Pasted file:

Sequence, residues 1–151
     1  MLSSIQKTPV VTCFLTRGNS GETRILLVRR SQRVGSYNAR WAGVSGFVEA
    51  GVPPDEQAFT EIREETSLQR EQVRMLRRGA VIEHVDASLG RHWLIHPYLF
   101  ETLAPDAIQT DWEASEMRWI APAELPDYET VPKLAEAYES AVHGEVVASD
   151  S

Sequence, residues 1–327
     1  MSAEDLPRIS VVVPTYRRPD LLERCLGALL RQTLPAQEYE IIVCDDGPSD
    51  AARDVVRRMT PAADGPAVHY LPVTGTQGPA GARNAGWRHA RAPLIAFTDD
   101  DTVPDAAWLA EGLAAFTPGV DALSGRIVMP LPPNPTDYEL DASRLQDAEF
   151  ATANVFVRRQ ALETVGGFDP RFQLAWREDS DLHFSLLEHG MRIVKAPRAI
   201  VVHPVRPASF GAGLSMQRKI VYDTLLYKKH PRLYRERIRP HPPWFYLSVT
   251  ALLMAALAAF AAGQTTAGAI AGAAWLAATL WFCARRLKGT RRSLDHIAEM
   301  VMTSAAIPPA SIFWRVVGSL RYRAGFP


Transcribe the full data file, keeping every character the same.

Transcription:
Sequence, residues 1–151
     1  MLSSIQKTPV VTCFLTRGNS GETRILLVRR SQRVGSYNAR WAGVSGFVEA
    51  GVPPDEQAFT EIREETSLQR EQVRMLRRGA VIEHVDASLG RHWLIHPYLF
   101  ETLAPDAIQT DWEASEMRWI APAELPDYET VPKLAEAYES AVHGEVVASD
   151  S

Sequence, residues 1–327
     1  MSAEDLPRIS VVVPTYRRPD LLERCLGALL RQTLPAQEYE IIVCDDGPSD
    51  AARDVVRRMT PAADGPAVHY LPVTGTQGPA GARNAGWRHA RAPLIAFTDD
   101  DTVPDAAWLA EGLAAFTPGV DALSGRIVMP LPPNPTDYEL DASRLQDAEF
   151  ATANVFVRRQ ALETVGGFDP RFQLAWREDS DLHFSLLEHG MRIVKAPRAI
   201  VVHPVRPASF GAGLSMQRKI VYDTLLYKKH PRLYRERIRP HPPWFYLSVT
   251  ALLMAALAAF AAGQTTAGAI AGAAWLAATL WFCARRLKGT RRSLDHIAEM
   301  VMTSAAIPPA SIFWRVVGSL RYRAGFP